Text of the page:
Epidemiological approach to emergent cranial surgery of cranial traumas


Objective: In this study, we aim to define the emergent cranial surgery of cranial trauma cases in terms of the reason of occurance, diagnosis, prognostic factors and results. Methods: 153 cases hospitalized in our clinic during a four year period were statistically analysed in accordance with trauma etiology, age, gender, application GCS (Glascow Coma Score) mortality rate, location and established patology.

Results: 76% (116) of the 153 cases were male. The most frequent etiological reasons were, in descending order, traffic accident 52% (n = 80), fall 34% (n = 53), direct trauma to the head 14(n =20). 45% (n = 69) were diagnosed epidural haematomas, 26% (n = 40) were diagnosed depression fractures and 3% (n = 5) were diagnosed intracerebral haematomas. A meaningful statistical difference was found in the comparison of the diagnosis regarding gender (p=0,012) age group (p=0,0282) and GCS (p=0,0001).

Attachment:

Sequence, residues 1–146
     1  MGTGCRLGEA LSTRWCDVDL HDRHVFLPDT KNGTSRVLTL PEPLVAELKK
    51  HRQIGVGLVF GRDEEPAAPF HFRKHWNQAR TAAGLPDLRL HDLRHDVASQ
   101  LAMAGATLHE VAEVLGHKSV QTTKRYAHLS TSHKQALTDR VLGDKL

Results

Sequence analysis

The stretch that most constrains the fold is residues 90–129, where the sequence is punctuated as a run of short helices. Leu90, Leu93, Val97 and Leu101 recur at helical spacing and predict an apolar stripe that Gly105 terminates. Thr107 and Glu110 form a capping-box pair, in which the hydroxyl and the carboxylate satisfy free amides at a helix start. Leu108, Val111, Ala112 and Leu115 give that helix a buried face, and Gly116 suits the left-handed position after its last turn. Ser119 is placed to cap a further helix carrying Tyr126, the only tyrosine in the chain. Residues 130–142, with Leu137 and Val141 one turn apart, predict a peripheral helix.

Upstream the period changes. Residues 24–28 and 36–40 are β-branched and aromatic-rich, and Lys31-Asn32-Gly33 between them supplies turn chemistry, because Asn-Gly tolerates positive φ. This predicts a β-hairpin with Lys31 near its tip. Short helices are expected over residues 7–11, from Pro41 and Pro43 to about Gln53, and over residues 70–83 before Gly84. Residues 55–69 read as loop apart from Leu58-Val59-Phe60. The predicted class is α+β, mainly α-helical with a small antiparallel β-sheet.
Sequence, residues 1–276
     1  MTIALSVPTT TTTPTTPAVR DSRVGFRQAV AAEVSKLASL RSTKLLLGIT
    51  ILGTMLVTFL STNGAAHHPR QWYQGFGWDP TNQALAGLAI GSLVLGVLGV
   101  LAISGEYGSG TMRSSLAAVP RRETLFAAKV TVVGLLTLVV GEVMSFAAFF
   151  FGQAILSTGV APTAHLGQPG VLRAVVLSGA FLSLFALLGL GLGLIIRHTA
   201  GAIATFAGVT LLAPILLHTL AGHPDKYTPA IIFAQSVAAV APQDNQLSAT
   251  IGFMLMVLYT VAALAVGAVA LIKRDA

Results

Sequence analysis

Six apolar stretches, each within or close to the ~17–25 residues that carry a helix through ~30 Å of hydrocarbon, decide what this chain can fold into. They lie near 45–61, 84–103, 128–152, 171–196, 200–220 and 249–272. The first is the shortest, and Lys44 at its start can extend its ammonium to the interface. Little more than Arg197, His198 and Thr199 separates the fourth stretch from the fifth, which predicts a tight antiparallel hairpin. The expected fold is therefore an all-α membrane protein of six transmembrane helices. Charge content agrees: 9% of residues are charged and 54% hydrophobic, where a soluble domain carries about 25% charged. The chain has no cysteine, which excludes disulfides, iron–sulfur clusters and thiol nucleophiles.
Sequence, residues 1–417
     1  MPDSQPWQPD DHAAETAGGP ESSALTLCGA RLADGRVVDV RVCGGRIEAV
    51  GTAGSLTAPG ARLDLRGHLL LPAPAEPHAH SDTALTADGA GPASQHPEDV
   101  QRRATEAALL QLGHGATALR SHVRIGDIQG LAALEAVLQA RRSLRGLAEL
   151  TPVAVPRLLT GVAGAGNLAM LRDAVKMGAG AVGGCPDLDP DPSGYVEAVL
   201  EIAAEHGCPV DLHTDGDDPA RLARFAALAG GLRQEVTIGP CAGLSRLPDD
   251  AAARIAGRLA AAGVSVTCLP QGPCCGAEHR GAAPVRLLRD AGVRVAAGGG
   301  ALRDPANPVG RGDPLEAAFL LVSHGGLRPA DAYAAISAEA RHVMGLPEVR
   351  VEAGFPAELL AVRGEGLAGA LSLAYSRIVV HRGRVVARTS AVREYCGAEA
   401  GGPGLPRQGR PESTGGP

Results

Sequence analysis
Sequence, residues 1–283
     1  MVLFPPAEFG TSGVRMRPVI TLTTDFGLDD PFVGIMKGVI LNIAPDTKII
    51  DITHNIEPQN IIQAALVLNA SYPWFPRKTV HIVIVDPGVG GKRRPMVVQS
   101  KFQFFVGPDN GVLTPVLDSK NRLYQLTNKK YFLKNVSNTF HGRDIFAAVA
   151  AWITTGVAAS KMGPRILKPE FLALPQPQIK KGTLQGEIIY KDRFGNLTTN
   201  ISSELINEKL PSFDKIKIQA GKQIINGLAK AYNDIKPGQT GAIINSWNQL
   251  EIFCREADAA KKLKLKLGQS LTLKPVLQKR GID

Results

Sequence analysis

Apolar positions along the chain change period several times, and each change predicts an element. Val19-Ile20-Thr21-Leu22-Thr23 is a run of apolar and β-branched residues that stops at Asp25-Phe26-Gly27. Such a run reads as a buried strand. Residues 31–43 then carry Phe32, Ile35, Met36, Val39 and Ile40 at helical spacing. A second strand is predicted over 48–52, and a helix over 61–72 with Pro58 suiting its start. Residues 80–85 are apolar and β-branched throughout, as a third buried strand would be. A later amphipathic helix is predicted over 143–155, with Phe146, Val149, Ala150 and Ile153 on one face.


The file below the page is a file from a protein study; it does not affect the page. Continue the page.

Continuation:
Conclusions: In order to prevent cranial traumas, studies aimed at minimizing traffic accidents should be undertaken. The most essential action after the accident has occured is triage, and this is of great importance in order to establish communication among the health institutions.


Cranial trauma; Glascow Coma Score; trauma etiology

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DOI: https://doi.org/10.2427/5856

NBN: http://nbn.depositolegale.it/urn%3Anbn%3Ait%3Aprex-8627



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